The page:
Philly NAACP president paid as Kenney campaign consultant

Kenney’s political committee, Kenney for Philadelphia, has paid Philadelphia NAACP President Rodney Muhammad $95,000 for “consulting services” since 2017.

Philadelphia head of the NAACP Rodney Muhammad speaks at City Hall. (Tom MacDonald/WHYY)

Philadelphia head of the NAACP Rodney Muhammad speaks at City Hall. (Tom MacDonald/WHYY)

This article originally appeared on The Philadelphia Tribune

Mayor Jim Kenney’s re-election campaign can count on the continued support of the president of the Philadelphia NAACP.

That’s because Kenney is paying for it.

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Kenney’s political committee, Kenney for Philadelphia, has paid Philadelphia NAACP President Rodney Muhammad $95,000 for “consulting services” since 2017, according to campaign finance reports.

On Kenney’s campaign payroll for years, Muhammad described his role with the campaign as “individual work” that was separate from his role with the NAACP. He said he shares his “social and political views” with the campaign, such as community needs and lowering recidivism among formerly incarcerated individuals.

Some have questioned Muhammad’s work with Kenney’s campaign, but Muhammad maintains that it is not a conflict of interest.

“I don’t speak for the campaign. I just talk to them,” he said. “I don’t tell people to vote for Jim Kenney. That’s not my job.”

The Kenney campaign starting paying Muhammad in 2017, said Harrison Morgan, a spokesman for Kenney’s re-election campaign, in an email.

That year, the campaign paid Muhammad $45,000, campaign finance reports show. It paid him $35,000 in 2018. And it paid $15,000 in the first few months of this year. All of the payments were made to Rodney Carpenter, Muhammad’s birth name.

“He [Muhammad] is a well-respected community leader who provides valuable input to the mayor regarding a wide variety of campaign matters,” Morgan said.

Asked what Muhammad was consulting the campaign on and whether that included Kenney’s 1.5-per-ounce sweetened beverage tax, Morgan described Muhammad as a “general consultant” who had “nothing to do with the beverage tax.”

Asked whether he will remain on the campaign’s payroll throughout the remainder of the year, Muhammad said he was not certain.

Micah Sims, a member of the city’s NAACP board, said the organization has been aware for years of Muhammad’s financial connection to Kenney.

Sims said the organization’s bylaws were silent on the issue of whether a board member can work for a campaign — “as long as it is not viewed as a conflict of interest.”

“It has not impacted the NAACP’s work nor stances when it comes to issues that are important to the African-American community in Philadelphia,” he said.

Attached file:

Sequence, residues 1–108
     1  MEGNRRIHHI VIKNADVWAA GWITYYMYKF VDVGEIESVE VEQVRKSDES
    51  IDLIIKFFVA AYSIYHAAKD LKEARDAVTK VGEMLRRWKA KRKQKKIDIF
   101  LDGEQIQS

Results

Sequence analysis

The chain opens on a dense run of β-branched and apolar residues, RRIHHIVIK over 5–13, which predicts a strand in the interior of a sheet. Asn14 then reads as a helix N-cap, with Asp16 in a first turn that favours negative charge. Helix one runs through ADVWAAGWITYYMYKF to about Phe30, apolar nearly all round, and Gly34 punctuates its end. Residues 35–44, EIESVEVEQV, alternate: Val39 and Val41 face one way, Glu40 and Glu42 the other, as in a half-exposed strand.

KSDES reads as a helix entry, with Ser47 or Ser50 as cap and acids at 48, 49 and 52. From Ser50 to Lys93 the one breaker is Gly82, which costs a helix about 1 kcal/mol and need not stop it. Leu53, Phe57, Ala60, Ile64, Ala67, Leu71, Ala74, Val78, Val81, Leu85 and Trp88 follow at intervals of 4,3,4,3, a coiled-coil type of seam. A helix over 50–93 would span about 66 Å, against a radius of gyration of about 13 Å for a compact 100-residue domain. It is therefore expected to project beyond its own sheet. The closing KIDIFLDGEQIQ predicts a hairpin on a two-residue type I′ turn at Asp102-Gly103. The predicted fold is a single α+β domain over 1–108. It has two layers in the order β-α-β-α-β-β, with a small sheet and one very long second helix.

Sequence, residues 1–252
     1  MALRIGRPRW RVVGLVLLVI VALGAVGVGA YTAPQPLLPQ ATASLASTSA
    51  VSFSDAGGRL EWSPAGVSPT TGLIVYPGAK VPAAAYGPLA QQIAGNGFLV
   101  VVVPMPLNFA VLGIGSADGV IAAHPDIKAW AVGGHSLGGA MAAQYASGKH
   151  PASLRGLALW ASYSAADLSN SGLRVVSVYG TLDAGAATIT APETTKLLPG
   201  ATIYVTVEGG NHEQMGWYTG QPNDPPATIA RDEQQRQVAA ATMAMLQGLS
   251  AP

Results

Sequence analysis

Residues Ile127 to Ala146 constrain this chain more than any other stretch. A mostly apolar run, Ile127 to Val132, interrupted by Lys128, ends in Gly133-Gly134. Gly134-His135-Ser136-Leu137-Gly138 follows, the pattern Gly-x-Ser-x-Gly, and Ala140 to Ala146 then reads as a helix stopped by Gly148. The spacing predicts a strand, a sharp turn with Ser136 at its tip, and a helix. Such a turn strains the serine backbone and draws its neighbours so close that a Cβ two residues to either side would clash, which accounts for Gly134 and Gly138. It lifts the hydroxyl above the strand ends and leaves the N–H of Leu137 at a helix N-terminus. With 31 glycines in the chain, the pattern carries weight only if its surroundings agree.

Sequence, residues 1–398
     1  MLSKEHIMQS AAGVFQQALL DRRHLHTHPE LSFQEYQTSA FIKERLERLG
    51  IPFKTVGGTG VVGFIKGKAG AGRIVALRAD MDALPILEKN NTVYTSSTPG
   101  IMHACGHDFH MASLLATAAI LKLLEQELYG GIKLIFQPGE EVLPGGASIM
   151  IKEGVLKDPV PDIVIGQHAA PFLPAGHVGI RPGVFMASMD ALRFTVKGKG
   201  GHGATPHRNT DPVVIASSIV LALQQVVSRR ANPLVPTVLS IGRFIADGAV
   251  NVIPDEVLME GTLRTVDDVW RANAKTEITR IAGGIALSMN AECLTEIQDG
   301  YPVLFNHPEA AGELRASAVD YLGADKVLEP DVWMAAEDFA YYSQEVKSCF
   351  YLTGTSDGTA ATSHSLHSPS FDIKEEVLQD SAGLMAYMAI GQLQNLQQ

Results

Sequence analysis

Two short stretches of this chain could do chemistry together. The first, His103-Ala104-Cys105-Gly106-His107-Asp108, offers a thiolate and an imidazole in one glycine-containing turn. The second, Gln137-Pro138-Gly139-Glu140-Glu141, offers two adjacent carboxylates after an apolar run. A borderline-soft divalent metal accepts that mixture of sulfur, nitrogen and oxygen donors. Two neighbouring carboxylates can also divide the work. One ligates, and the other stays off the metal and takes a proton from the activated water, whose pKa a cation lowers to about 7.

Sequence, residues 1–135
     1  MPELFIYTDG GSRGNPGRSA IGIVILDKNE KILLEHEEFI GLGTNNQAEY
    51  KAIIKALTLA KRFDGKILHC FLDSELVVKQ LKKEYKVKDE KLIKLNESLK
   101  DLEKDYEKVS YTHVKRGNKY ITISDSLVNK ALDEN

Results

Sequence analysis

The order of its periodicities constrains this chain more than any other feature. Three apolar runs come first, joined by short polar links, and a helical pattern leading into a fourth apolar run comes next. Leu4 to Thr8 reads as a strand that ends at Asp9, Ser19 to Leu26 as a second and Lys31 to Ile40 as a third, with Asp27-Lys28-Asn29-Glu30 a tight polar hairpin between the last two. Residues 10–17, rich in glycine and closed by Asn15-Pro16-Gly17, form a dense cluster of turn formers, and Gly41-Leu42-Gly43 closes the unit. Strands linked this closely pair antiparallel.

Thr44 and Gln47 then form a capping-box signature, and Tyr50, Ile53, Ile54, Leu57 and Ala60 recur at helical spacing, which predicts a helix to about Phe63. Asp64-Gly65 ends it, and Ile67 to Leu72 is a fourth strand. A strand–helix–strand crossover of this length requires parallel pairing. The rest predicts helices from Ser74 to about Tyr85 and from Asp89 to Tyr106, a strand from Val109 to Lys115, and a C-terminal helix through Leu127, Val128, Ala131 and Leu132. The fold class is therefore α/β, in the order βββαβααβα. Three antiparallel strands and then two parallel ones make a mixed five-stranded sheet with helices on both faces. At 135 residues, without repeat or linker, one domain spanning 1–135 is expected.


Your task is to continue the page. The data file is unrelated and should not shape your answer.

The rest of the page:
Aba Blankson, a spokesman for the NAACP’s national office, did not respond to a request for comment.

Muhammad, who has led Philadelphia’s NAACP since 2014, has failed to disclose his ties to Kenney in the past.

In 2016, Muhammad was paid to advocate for Kenney’s sweetened beverage tax on behalf of nonprofit Philadelphians for a Fair Future. The city’s Board of Ethics found that he had failed to register as a lobbyist. Muhammad maintained his position with the NAACP and did not disclose his paid role at the time.

The Board of Ethics fined Philadelphians for a Fair Future and other groups last year for “making material misstatements and omissions” in their registration and expense reports in 2016 when they were pushing for the sweetened beverage tax.

Muhammad’s profile on the Philadelphia NAACP website lists media outlets where he has appeared and that he “has worked with previous mayors fighting illegal gun sales and racial tensions in Philadelphia and Chicago,” but it does not mention his ties to the Kenney campaign.

And just last month, at an NAACP candidates forum where Kenney and other candidates presented their platforms to voters, Muhammad spoke to those in attendance but never mentioned his financial ties to Kenney.

Sims, also the local chapter’s political director, said he manages all political events to prevent any conflict of interest with Muhammad.

“It was imperative that this process that the NAACP has — in reference to doing political forums, et cetera — was not under the jurisdiction of the president,” he said.

Still, Muhammad’s ties to Kenney are a “glaring contradiction,” said Paula Peebles, state chairwoman of the National Action Network, a civil rights organization.

The Black community has serious issues with Kenney, Peebles said, including the Philadelphia Police Department’s use of stop and frisk, high crime rates, public safety and the 10-year property tax abatement.

“We have a mayor that has made policy positions that are in opposition to the very foundation that the NAACP stands for,” Peebles said. “It’s going to make it difficult for him [Muhammad] to be in the circle of community meetings because they’re just not going to trust him.”

Rev. Jay Broadnax, president of the Black Clergy of Philadelphia and Vicinity, said Muhammad’s connection to Kenney “does raise questions,” but described Muhammad as a “straight-up guy.”

David Thornburgh, CEO of the nonpartisan government watchdog group Committee of Seventy, said Muhammad’s relationship demands an extra layer of scrutiny and transparency.

“When you’re the prominent leader of a prominent community organization,” he said, “it’s a little hard to separate your personal interest from your organizational interest.”

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